4th Amendment is violated by law that says hotels must show guest registries to cops, says SCOTUS
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The U.S. Supreme Court has struck down a Los Angeles law requiring hotel operators to make guest registries available to police.
The court ruled 5-4 that the law violates the Fourth Amendment’s ban on unreasonable searches and seizures. Justice Sonia Sotomayor wrote the majority opinion (PDF), joined by Justices Anthony M. Kennedy, Ruth Bader Ginsburg, Stephen G. Breyer and Elena Kagan.
The majority addressed two questions. First, the majority found that statutes authorizing warrantless searches may be challenged on their face—rather than as applied—under the Fourth Amendment. The city of Los Angeles had argued that facial challenges to such statutes must fail because the searches will never be unconstitutional in all applications.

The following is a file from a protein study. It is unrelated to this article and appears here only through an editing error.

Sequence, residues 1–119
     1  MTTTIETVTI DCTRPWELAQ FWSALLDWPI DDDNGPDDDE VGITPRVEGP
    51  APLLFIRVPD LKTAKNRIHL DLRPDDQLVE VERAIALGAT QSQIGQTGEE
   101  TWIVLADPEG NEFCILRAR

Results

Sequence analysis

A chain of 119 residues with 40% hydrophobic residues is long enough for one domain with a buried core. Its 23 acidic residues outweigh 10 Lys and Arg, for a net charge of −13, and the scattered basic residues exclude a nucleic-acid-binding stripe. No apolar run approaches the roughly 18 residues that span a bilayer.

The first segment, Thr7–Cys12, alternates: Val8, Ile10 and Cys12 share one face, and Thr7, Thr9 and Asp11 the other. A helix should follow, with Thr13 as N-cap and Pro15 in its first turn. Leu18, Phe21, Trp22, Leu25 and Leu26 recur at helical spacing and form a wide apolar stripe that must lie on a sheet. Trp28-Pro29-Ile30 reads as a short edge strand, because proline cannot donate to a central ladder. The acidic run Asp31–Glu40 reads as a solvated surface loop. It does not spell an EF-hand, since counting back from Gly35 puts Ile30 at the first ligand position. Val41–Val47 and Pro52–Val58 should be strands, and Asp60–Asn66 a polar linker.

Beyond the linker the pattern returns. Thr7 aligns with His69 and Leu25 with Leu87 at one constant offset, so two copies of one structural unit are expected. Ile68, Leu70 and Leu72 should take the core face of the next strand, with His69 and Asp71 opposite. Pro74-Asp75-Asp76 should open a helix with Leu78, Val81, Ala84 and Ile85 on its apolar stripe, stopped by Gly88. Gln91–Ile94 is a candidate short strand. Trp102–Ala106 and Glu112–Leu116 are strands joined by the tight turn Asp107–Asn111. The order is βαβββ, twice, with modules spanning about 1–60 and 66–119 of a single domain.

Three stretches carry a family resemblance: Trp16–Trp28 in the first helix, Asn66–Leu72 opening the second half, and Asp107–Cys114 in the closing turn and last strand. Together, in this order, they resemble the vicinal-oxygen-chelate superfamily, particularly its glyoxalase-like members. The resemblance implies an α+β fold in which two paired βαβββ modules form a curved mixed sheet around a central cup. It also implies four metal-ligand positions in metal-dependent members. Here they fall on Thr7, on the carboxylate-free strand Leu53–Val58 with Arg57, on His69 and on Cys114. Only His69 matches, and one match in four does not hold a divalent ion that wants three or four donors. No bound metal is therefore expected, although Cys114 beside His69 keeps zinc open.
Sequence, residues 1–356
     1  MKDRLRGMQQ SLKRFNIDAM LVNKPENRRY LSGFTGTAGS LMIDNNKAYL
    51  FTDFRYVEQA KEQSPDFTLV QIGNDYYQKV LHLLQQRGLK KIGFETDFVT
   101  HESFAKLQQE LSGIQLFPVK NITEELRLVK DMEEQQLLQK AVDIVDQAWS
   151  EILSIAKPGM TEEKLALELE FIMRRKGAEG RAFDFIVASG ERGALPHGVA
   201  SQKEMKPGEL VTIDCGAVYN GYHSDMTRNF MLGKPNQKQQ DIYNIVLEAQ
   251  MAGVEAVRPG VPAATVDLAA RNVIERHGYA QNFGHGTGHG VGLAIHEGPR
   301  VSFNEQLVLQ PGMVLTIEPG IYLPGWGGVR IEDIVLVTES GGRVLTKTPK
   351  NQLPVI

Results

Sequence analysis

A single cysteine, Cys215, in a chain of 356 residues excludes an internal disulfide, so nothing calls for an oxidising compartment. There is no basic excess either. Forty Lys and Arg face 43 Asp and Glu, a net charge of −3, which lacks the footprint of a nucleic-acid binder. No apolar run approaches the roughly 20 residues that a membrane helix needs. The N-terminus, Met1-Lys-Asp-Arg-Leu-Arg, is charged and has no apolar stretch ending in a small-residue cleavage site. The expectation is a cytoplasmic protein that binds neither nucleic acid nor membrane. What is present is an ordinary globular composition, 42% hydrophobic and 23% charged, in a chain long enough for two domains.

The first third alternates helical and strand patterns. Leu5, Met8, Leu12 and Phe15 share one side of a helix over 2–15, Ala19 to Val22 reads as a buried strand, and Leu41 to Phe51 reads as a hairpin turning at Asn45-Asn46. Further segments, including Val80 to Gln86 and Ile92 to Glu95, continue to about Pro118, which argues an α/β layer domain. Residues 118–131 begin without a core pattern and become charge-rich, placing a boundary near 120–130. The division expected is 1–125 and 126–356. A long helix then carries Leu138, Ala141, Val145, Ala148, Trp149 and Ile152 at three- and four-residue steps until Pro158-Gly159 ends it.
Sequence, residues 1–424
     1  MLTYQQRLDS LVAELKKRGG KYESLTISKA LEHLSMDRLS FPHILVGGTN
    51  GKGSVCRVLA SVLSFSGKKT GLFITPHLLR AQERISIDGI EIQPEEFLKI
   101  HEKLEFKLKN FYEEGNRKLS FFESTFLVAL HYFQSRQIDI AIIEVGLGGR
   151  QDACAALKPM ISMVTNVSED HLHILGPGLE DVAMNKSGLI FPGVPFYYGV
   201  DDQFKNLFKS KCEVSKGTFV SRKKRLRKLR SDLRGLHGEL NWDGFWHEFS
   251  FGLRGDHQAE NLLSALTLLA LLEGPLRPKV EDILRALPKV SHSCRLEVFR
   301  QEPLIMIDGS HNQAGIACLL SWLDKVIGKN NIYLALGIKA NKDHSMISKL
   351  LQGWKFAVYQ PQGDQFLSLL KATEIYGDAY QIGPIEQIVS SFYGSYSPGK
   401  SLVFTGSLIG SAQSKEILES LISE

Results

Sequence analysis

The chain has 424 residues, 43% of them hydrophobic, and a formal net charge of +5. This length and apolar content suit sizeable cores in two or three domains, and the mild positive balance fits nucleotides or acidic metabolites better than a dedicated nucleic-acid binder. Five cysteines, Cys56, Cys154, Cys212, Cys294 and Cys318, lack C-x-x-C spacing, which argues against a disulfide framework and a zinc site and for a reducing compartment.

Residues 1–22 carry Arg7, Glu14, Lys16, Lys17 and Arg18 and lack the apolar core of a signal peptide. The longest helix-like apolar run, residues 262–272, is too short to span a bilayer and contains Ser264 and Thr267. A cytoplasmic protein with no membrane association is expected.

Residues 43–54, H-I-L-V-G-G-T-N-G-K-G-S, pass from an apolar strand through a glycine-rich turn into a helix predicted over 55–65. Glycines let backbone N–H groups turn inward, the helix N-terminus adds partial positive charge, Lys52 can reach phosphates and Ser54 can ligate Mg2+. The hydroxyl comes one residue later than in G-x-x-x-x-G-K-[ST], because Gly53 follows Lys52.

Second, the majority found the law violates the Fourth Amendment because it doesn’t give hotel operators the opportunity for precompliance review before they are penalized. “We hold only that a hotel owner must be afforded an opportunity to have a neutral decision-maker review an officer’s demand to search the registry before he or she faces penalties for failing to comply,” Sotomayor wrote.
The opportunity for review could be provided in several ways in which the burdens would not be too onerous, Sotomayor said. Her opinion pointed to one possibility: administrative subpoenas that could be challenged by a motion to quash.